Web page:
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By on December 17, 2021

Sexual Violence in Disasters: A new resource from the National Sexual Violence Resource Center

This blog was authored by ValorUS intern, Leah Holtz.


“Disasters expose and exacerbate pervasive inequities. Systemic racism, colonialism, nativism, sexism, classism, ageism, ableism, heterosexism, cissexism, and other oppressions leave marginalized communities exposed to higher rates of morbidity, mortality, unemployment, and housing insecurity, and greater barriers to evacuation, essential services, and recovery at every stage of disaster planning and response (Cliffton et al., 2020; FEMA, 2020).”

The COVID-19 pandemic has brought to light the need for inclusive, well-funded, and community driven disaster preparedness. As organizations, government entities, and businesses grapple with creating plans for both disaster prevention and response, it is important to keep in mind how both human-caused and natural disasters exacerbate inequities, causing greater harm to already marginalized communities. The National Sexual Violence Resource Center, in partnership with an advisory group made up of local, state and national groups dedicated to racial justice and ending oppression, has released the guide, Sexual Violence in Disasters, an updated resource that builds on the work of one of their most requested guides, Preventing and Responding to Sexual Violence in Disasters: A Planning Guide for Prevention and Response (Klein, 2008). 

Sexual Violence in Disasters is a comprehensive guide, covering how risk factors for sexual violence victimization and perpetration are heightened during and while recovering from a disaster. 

Disasters also make it difficult for survivors to heal and access services and to hold people who commit sexual violence accountable. Prevention efforts are disrupted as organizations  pivot to meeting basic needs and in some situations, close or limit activities.  Efforts that focus on increasing access to economic opportunities and education, as well as resources such as housing and mental health care, can be particularly hard hit as funding and other resources are diverted, and the economic condition of the community worsens. It can take decades for a community to recover financially from a disaster, increasing existing disparities. Sexual Violence in Disasters deeply delves into how disaster response and preparedness frequently fails to consult and take into account the needs of oppressed communities, such as Black, Indigenous, Latinx, Asian and Pacific Islander, LGBTQ, disabled, and immigrant communities.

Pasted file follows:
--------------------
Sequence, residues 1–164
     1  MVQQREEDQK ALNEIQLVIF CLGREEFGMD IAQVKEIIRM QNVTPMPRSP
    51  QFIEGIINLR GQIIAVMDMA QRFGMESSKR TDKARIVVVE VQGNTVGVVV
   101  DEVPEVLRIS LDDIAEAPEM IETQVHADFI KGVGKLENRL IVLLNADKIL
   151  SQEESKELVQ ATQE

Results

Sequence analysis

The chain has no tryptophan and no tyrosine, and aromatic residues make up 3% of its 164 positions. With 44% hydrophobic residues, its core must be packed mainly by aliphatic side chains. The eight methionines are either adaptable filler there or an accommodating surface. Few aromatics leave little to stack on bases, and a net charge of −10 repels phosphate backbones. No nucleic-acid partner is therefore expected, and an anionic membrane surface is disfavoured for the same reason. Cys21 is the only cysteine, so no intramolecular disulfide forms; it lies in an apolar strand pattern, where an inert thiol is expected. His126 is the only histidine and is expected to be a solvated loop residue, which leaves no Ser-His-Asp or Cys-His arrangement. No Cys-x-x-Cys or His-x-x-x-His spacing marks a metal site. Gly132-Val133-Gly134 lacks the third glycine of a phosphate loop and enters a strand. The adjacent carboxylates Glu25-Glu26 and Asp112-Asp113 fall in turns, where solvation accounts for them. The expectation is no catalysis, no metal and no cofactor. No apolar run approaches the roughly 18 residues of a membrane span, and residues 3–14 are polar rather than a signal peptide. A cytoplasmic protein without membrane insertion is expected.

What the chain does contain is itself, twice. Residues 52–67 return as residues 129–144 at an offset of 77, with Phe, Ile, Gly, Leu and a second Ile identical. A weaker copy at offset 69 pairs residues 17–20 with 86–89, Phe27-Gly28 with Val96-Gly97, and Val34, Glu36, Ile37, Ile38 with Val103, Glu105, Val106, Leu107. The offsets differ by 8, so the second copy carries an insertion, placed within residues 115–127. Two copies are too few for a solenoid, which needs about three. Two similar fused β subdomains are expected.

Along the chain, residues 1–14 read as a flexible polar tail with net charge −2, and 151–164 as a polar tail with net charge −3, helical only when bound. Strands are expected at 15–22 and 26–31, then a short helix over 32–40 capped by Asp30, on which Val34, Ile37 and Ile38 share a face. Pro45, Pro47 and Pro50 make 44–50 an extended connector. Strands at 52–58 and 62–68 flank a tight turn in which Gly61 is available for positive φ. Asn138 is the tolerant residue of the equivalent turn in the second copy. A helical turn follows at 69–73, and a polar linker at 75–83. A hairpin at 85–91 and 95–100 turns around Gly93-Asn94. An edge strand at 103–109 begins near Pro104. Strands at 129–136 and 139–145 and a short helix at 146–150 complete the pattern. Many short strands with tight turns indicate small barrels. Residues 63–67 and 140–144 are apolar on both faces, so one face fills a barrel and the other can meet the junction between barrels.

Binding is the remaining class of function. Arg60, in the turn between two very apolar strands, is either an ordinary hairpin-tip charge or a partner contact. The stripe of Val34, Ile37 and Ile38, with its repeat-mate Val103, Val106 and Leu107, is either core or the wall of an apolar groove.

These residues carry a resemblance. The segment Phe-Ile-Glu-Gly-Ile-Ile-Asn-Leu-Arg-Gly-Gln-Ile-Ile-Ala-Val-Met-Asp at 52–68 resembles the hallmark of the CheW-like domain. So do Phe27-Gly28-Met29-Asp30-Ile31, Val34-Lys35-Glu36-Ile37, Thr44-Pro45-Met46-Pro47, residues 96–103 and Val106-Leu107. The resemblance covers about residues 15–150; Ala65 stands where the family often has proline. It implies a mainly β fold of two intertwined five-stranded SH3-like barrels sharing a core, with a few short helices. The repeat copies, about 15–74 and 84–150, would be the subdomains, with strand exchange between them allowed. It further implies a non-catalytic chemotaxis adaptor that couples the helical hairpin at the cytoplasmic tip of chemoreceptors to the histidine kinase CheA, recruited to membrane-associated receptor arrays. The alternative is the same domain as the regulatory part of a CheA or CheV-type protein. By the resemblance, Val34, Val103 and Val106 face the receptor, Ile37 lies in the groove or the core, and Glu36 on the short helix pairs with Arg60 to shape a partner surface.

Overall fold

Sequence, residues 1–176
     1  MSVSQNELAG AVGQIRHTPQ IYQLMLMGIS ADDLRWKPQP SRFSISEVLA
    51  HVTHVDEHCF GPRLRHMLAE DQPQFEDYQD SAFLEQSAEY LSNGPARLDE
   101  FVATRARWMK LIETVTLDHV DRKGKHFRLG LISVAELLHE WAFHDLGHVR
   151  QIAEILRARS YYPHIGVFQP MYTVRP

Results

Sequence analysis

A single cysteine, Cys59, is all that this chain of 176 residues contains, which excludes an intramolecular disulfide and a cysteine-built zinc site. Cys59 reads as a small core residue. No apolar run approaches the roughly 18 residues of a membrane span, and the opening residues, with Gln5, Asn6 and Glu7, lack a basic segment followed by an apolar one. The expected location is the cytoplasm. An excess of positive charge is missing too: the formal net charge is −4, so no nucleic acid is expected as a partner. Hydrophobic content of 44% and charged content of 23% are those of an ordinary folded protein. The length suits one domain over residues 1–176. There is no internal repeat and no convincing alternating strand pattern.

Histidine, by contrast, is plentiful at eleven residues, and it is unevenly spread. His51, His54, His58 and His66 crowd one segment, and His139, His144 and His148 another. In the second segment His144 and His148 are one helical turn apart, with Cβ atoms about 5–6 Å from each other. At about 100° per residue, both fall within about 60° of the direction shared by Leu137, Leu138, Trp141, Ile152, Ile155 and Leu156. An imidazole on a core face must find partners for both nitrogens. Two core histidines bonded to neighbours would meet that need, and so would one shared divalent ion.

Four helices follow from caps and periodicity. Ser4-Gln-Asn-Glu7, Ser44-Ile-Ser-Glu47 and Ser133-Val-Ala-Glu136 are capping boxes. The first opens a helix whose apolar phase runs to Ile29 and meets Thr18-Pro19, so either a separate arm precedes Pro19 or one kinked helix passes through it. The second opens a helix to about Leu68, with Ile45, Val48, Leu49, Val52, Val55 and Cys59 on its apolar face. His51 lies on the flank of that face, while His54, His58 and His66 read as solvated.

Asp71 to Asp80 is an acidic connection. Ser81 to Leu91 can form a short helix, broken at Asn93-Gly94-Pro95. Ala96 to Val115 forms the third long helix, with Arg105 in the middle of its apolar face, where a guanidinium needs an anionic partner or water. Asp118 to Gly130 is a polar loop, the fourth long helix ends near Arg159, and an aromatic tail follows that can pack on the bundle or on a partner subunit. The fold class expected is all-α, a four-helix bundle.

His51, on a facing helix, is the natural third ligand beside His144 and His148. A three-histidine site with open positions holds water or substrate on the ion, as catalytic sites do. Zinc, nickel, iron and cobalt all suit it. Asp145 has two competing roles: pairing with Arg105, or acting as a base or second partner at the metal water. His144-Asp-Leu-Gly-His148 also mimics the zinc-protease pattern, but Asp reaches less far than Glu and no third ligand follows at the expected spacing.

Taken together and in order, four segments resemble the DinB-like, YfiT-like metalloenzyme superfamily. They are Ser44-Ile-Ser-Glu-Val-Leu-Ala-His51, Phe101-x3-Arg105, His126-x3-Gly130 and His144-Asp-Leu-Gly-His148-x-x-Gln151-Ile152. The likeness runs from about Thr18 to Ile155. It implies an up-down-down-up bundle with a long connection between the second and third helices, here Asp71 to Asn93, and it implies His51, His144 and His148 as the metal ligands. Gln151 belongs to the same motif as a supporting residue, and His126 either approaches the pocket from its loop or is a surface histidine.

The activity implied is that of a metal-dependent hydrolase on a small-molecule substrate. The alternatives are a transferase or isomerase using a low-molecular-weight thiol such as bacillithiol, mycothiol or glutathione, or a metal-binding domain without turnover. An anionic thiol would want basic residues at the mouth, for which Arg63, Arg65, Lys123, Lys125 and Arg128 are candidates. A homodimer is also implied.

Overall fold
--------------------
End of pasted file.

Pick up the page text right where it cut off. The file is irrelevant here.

Community Healing, Mutual Aid, and Prevention

Disasters can cut survivors off from loved ones, community, and support services, reducing their access to social support, and increasing feelings of isolation and loneliness. Increased threats to physical safety, disrupted routines, and restricted choices make it difficult for those who have experienced previous trauma to heal. During times of crisis and high stress, many historically marginalized communities turn to handed down knowledge of strategies and traditions for survival, that are community based and draw on shared experiences and resilience. Service providers need to listen to the communities they serve, and support the healing practices of oppressed communities, particularly  Black, Indigenous,  people of color (BIPOC). For many, religion and spirituality can be an essential source of healing, empowerment, and support, and mainstream service providers should consider ways in which they can support these practices and organizations throughout and after a disaster. Connecting with traditional practices of food production and medicine, and sharing those with the community can not only help communities physically survive, but serve as a source of healing and resilience. Many marginalized communities already have existing mutual aid networks that can serve as the starting point for distributing knowledge and resources both during and after a disaster. Mutual aid networks strengthen protective factors against multiple forms of violence by forming and building up community connections, coordinating resource and service provision, and fostering a prosocial environment. Mainstream service providers and government agencies partnering with mutual aid networks need to remain humble and acknowledge the lived experiences mutual aid network members bring to the table, as well as to take their directions from the needs of the community as the community defines them. In all work with survivors, it is important to keep in mind that they are experts in their own lives and lived experiences, and that services should be designed and/or adapted with their needs at the forefront.